With the fall season picking up steam, the Michigan men’s tennis team sent three players to compete in singles play at the Intercollegiate Tennis Association All-American Championships in Tulsa, Okla.
The Wolverines finished the tournament with mixed results, with seniors Andrew Fenty and Patrick Maloney losing their opening matches in qualifying play, while sophomore Gaivin Young advanced to the third round before being eliminated.
Sophomore Jacob Bickersteth was the only Michigan player to play in the main draw.
Bickersteth did not disappoint, pocketing a turbulent 6-7 (4), 7-5, 1-5 victory after his opponent, Stanford’s Trevor Boyer, defaulted as a result of three warnings for behavior.
After receiving two warnings for ball abuse and nearly hitting Bickersteth in the face with a ball after losing a point, Boyer’s frustrations boiled over in the third set.
“I was down 0-5,” Bickersteth said. “I ended up winning that game, and he just completely obliterates his racket and gets coded again.”
Added Michigan coach Adam Steinberg: “I’ve never experienced a match like that in all my years of coaching. It’s a sad ending. It shouldn’t come to that.”
In the second round, Bickersteth found himself in another highly contested match against the No. 15 player in the country, Georgia’s Philip Henning.
Bickersteth stunned Henning with a dominant 6-0 victory in the first set.
“My coaches told me I belong there,” Bickersteth said. “I just tried to come off with a lot of energy, and he didn’t expect me to play that level of tennis. It was probably the best set of tennis I’ve played in arguably my whole life.”
Henning came storming back with a 6-2 victory to tie things up, but Bickersteth’s confidence never wavered, earning a 6-4 victory in the third set and punching his ticket to the round of 16.
“It was fun to watch,” Steinberg said. “The guy from Georgia is a really good player and came back. Jake played a great third set, held serve all the way through…definitely the best match I’ve seen him play as his coach.”
The next day, Bickersteth drew No. 46 Mason Beiler of Oklahoma and, in yet another three-set match, Bickersteth’s run came to an end as Beiler triumphed 6-1 in the deciding set.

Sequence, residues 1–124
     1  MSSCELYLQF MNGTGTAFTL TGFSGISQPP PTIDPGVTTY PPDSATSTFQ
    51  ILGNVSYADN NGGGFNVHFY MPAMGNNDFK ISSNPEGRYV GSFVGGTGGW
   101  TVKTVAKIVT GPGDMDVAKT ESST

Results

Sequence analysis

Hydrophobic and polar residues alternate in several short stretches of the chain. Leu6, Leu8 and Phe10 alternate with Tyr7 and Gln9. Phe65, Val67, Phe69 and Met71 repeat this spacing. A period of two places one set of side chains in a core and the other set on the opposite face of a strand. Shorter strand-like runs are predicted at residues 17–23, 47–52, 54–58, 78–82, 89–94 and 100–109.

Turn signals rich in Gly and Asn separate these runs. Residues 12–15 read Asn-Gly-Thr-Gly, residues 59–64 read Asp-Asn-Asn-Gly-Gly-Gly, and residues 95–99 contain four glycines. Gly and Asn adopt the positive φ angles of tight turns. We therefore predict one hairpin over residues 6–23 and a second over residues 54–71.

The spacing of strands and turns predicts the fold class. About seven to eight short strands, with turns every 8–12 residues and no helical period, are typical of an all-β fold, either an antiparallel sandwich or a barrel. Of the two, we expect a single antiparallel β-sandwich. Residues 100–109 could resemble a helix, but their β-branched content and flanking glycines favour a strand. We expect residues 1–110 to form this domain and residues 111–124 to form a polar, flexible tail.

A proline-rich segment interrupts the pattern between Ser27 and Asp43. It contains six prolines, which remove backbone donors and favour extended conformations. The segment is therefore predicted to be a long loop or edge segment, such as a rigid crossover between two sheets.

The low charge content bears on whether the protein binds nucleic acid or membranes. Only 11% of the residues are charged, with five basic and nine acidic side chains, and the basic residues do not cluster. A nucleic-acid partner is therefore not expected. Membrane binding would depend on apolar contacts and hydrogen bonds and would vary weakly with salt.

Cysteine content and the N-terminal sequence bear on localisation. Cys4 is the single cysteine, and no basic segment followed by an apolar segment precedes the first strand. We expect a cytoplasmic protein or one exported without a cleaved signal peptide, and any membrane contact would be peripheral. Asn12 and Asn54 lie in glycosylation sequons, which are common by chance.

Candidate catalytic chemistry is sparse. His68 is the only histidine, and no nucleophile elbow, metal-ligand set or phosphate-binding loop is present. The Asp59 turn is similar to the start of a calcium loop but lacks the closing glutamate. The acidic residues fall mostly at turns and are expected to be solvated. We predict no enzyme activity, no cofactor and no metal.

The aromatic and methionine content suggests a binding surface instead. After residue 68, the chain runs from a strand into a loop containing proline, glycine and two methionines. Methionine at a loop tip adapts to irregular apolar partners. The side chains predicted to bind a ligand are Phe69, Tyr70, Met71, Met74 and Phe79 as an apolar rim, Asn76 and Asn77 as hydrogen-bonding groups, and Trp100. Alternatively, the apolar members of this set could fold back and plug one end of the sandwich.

In the qualifying draw, Fenty entered as the No. 89 player in the country, pitted against TCU’s Lui Maxted.
For Michigan’s highest-ranked player in the tournament, the tenure in Tulsa was short, as dominant play from Maxted resulted in a 6-2, 6-4 victory.
“He was coming off a sprained ankle,” Steinberg said. “It really affected him. I don’t think he was himself to be honest. (Maxted) is a very good player, and when you’re not one hundred percent, it’s going to be a tough day for you.”
Qualifying play looked similarly bleak for No. 114 Patrick Maloney, as he dropped his first set 6-1 to TCU’s Pedro Vives Marcos.
Maloney stayed strong, taking a 6-4 victory in the second set. Despite the resurgence, Maloney’s comeback fell just short as Marcos earned a 6-4 third-set victory.
“We were really happy with that match,” Steinberg said. “He played a very good player and had a tough first set. But he really found his game the last two sets and played really well.”
Young found himself in a battle against Max McKennon of Arizona State. In a roller coaster of events, Young took the first set, 6-4, before dropping the second, 6-3.
With the Wolverines in jeopardy of ending qualifying play winless, Young delivered, sealing the match with a 6-3 victory in the third set.
“It’s his first time playing these big events,” Steinberg said. “It was a big confidence booster for him. I think he proved he can play with some of the best players in the country.”
Maloney finished his week in Tulsa with a 6-4, 6-3 victory over Tulsa’s Callum Gale in the consolation round of qualifying play.
Young continued to show his resolve, eking out a 7-5, 6-4 over Alexander Hoogmartens of UCLA in the second round of qualifying.
But round three was Young’s last, as Baylor’s Tadeas Paroulek emerged with a 6-4, 6-4 victory.
While the Wolverines didn’t take home any individual awards, they learned where they stack up against the best players in the country as they set their sights on team play after the new year.
“We can play with anybody,” Steinberg said. “We’re one of those teams to be reckoned with. It’s important for us to be at those national events to showcase who we have and for the guys to play that level of competition…before our season starts in January.”